I currently use an IOS ACL which contains the network/wildcard mask pair X.X.1.160 0.0.254.31 to match hosts X.X.1.[160-191], X.X.3.[160-191], X.X.5.[160-191], etc. If the IOS router is replaced by a PIX firewall, will the PIX subnet mask behave in the same way as an inverted wildcard mask. Is the equivalent network/subnet mask X.X.1.160 255.255.1.224, and is this valid?
PIX ACLs differ from the router ACLs in that the PIX does not use a wildcard mask like IOS. It uses a regular subnet mask in the ACL definition. As with IOS routers, the PIX ACL has an implicit "deny all" at the end of the ACL.
I have tried this today with a PIX-501, and it appears that an IOS wildcard mask can be implemented on the PIX by simply inverting the bits. Whilst this is not a true "subnet mask" in the conventional sense, it does appear to work. The only other alternative I can see, is to create many "network" objects and group them in an object-group, but this will essentially create that many access-list entries in the ACL.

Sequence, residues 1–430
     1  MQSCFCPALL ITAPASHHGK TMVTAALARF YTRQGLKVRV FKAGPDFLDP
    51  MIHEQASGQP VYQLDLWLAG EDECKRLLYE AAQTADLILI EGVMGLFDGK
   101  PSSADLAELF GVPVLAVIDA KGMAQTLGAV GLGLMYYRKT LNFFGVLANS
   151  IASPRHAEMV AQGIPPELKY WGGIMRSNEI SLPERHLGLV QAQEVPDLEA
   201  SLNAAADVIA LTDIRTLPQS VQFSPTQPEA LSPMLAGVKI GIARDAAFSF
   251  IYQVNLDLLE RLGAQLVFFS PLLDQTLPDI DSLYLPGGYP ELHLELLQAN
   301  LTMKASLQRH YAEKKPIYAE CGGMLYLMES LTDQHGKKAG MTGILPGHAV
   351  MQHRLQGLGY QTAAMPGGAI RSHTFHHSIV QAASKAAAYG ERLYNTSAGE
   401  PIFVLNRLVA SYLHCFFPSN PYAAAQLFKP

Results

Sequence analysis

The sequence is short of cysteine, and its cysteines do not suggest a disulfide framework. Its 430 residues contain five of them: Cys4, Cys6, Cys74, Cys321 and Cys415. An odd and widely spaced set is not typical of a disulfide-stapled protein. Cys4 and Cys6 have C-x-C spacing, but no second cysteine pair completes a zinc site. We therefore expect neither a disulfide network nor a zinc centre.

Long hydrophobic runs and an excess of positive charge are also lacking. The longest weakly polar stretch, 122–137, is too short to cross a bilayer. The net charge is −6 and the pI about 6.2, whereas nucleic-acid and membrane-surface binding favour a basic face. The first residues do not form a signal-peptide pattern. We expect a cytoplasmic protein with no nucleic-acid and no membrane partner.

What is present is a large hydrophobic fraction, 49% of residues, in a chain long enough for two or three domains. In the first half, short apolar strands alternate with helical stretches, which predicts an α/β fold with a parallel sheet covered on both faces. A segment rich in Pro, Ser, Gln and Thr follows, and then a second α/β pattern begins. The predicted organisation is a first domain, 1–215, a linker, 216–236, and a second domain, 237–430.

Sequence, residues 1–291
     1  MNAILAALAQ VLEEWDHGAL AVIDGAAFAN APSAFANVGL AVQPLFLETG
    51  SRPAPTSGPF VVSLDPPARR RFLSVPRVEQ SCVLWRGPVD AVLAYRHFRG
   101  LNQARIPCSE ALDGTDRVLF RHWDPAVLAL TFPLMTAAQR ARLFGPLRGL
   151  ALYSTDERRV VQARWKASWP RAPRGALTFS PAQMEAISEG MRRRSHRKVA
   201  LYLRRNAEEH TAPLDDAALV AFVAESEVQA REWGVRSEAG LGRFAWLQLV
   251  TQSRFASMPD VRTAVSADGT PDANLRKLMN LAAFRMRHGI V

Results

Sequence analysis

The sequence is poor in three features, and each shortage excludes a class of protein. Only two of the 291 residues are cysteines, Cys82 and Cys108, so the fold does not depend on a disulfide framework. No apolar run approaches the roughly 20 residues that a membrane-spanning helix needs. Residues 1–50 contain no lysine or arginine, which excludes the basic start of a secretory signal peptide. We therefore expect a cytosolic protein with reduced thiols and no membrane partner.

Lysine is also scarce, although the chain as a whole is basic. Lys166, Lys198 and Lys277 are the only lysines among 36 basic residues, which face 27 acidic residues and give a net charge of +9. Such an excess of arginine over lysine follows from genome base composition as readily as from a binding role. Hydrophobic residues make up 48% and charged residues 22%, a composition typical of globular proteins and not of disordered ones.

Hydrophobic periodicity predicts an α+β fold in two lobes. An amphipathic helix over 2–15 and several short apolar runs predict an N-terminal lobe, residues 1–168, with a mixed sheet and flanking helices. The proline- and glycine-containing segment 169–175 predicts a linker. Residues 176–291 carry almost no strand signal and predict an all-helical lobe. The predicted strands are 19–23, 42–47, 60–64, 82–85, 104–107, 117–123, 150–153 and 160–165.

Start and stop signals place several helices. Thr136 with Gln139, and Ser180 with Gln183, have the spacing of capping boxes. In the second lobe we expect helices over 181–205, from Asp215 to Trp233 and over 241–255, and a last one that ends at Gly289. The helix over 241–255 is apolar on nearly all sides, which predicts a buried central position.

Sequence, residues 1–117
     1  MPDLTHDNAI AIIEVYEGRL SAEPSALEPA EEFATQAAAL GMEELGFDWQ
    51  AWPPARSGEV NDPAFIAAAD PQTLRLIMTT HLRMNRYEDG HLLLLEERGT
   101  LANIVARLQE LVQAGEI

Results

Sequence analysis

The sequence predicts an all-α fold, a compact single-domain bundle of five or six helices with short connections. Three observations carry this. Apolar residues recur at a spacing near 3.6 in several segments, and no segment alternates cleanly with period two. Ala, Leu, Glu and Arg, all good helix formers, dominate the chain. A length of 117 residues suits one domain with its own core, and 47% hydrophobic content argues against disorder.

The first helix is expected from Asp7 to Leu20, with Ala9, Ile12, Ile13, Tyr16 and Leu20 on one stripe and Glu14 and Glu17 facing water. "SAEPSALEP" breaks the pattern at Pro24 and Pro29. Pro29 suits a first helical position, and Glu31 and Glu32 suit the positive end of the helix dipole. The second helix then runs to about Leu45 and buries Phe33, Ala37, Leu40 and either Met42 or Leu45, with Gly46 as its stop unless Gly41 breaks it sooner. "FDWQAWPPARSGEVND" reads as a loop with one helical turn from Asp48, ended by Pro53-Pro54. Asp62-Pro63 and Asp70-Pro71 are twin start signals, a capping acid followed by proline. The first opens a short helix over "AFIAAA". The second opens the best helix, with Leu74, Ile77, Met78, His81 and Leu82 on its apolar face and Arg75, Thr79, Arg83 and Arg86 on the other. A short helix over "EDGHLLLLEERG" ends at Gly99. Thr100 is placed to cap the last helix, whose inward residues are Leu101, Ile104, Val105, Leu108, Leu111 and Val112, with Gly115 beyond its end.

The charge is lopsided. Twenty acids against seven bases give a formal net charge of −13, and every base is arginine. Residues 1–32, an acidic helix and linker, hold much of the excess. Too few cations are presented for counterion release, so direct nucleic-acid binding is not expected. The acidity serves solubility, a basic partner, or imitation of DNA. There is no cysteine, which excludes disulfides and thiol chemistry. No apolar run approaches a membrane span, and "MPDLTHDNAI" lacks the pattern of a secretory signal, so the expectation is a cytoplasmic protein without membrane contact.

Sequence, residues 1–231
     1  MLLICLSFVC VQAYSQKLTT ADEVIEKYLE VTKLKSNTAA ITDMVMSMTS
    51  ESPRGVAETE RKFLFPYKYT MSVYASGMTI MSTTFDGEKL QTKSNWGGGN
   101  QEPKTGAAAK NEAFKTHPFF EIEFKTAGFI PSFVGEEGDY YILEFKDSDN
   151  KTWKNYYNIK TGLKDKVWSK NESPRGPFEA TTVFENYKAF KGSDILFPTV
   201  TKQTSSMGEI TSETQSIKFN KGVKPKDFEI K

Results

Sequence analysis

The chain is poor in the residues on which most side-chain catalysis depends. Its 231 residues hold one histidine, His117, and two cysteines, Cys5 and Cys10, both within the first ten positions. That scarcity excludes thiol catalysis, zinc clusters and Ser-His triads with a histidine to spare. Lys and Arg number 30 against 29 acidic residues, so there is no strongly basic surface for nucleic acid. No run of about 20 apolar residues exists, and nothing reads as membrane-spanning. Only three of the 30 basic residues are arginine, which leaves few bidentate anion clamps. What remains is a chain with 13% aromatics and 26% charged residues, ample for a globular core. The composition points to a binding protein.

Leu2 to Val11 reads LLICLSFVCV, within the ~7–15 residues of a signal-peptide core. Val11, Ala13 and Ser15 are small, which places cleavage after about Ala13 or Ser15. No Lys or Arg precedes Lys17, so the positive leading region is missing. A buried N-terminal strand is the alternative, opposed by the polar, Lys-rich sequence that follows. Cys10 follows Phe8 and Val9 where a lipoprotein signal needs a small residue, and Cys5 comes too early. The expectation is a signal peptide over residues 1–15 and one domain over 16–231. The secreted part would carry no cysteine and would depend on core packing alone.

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UpdatesDocuments PurposeNAT Operation in ASA 8.3+ SectionsRule Types
Network Object NATTwice NAT / Manual NATRule Types used per SectionNAT
Types used with Twice NAT / Manual NAT and Network Obje...
Table of Contents Introduction:This document describes details on how
NAT-T works. Background: ESP encrypts all critical information,
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